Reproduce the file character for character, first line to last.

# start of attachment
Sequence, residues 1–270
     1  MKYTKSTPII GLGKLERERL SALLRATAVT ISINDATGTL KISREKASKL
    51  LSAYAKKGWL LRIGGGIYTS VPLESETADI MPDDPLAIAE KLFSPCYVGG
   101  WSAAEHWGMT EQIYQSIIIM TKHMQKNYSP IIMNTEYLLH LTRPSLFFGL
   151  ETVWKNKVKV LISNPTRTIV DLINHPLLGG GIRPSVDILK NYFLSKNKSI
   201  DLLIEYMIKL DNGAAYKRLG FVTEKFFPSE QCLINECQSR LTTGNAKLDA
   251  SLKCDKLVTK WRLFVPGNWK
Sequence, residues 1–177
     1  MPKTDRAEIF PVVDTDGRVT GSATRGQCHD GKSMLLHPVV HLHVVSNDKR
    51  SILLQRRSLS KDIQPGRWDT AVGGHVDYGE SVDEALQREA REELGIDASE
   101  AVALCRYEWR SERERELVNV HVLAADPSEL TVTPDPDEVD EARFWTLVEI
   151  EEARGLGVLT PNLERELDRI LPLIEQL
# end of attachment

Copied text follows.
Sequence, residues 1–270
     1  MKYTKSTPII GLGKLERERL SALLRATAVT ISINDATGTL KISREKASKL
    51  LSAYAKKGWL LRIGGGIYTS VPLESETADI MPDDPLAIAE KLFSPCYVGG
   101  WSAAEHWGMT EQIYQSIIIM TKHMQKNYSP IIMNTEYLLH LTRPSLFFGL
   151  ETVWKNKVKV LISNPTRTIV DLINHPLLGG GIRPSVDILK NYFLSKNKSI
   201  DLLIEYMIKL DNGAAYKRLG FVTEKFFPSE QCLINECQSR LTTGNAKLDA
   251  SLKCDKLVTK WRLFVPGNWK
Sequence, residues 1–177
     1  MPKTDRAEIF PVVDTDGRVT GSATRGQCHD GKSMLLHPVV HLHVVSNDKR
    51  SILLQRRSLS KDIQPGRWDT AVGGHVDYGE SVDEALQREA REELGIDASE
   101  AVALCRYEWR SERERELVNV HVLAADPSEL TVTPDPDEVD EARFWTLVEI
   151  EEARGLGVLT PNLERELDRI LPLIEQL